Since leaving my job at the end of November, a curious thing has happened to my spending: it has slowed down dramatically. Now, you might say, of course it has: you don’t have a regular paycheck anymore! True, true, but it’s more than just that: it’s that I don’t even have the desire to spend money. No need for designer shoes or bags, no need for random things picked up that I never ended up using, no need for that fourteenth pair of black pants, and no need to browse in stores for something/anything.
There were times, mind you, in my frenzied life—juggling 60+ hours of work a week, a 3-hour daily commute, and two young kids—when the spending would slow down, but the mindless eating would start. When one was temporarily tamed, the other would rear its ugly head.
Now it’s a different story: Spending time with my kids reading; being able to make it all the way to the end of a compelling book (I just finished Water for Elephants…which was amazing) or through the entire newspaper; spending an extra 10 minutes to have a cup of tea in the morning; going for a 5-mile invigorating run outdoors: these are all things I treasure so much more now than that trendy bag, pair of shoes, or piece of clothing.
It got me thinking: how much of the mindlessness in our lives (and this includes mindless eating, drugs, drinking, and so much more) is a result of the crazy impersonal nature of our 24/7 lives? It’s almost as if we’re trying to feed some innermost, unspoken (and unmet) need. We put ourselves on a diet …yet again… or a budget (or go into rehab), forcing ourselves to restrict our compulsiveness—but we never get to the root of the problem, of why we feel the need to do it in the first place. That may be why diets and budgets often backfire with “binges”.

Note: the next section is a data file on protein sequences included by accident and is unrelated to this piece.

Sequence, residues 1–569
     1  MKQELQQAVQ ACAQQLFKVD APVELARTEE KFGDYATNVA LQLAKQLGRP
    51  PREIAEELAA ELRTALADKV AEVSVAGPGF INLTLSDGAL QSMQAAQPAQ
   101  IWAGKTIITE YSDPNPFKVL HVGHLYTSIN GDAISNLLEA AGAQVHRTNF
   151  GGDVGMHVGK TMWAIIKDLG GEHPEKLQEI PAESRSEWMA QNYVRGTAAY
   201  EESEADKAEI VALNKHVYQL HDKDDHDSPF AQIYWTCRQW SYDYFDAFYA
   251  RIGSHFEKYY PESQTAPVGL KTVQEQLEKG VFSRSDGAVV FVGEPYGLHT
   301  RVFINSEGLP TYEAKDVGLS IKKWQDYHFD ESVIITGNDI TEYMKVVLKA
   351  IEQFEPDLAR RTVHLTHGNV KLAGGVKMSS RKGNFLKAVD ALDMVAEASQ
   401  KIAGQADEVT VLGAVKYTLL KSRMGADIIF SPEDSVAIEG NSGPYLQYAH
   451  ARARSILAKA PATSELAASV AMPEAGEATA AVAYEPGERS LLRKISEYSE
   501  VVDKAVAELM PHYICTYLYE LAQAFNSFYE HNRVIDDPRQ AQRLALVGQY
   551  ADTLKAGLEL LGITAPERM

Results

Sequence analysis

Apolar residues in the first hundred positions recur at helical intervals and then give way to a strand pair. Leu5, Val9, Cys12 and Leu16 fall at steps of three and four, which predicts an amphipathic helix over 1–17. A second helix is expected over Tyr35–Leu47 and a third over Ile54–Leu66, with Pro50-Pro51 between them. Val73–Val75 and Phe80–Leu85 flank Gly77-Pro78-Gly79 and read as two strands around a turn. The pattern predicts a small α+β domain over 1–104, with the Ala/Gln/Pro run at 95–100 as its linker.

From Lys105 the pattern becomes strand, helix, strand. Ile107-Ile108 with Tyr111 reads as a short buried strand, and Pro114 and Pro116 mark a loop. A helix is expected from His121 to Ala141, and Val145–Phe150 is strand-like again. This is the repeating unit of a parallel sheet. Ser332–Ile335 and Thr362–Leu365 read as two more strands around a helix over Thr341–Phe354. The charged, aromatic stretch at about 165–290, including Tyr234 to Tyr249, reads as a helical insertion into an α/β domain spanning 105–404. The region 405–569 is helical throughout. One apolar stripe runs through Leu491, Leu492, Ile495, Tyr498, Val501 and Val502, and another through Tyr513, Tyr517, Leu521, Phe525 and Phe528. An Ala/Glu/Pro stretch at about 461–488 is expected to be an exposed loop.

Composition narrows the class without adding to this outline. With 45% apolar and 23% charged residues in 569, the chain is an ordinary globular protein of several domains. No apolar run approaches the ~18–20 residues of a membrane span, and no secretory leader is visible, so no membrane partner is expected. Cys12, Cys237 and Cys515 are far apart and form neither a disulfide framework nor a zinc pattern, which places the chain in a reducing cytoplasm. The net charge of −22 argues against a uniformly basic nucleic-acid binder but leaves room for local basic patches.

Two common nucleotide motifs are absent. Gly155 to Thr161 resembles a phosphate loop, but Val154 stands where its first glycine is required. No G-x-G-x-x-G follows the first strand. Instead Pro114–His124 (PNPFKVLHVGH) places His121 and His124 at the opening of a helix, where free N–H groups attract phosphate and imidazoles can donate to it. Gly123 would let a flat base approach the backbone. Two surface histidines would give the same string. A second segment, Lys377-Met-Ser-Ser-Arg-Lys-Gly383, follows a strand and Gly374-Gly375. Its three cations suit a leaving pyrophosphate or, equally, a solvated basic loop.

I think about the actors and actresses in Hollywood with big issues (think Charlie Sheen, Lindsay Lohan, and all the stars in rehab for substance abuse, eating disorders, etc) and I see this firsthand: lives lived in excess are most certainly trying to fill a void. What that void is has to be determined by each of us as it’s an individual thing.
And when we feed those needs, a funny thing happens: we don’t need to diet anymore because our weight naturally gets under control; we don’t need to manage our credit card debt (because it never gets out of whack), and we don’t need to go into rehab because the drugs and drinking just aren’t necessary anymore.
How to identify what we’re really craving? It’s not easy but: Living in the moment; not living for other people (and what they think you should be—or should be doing); having a greater purpose in life; loving wholeheartedly; learning to appreciate what we have (not what others have); respecting our bodies every single day (as you never know when your days may be up)…these are just a few of the things that are helping me.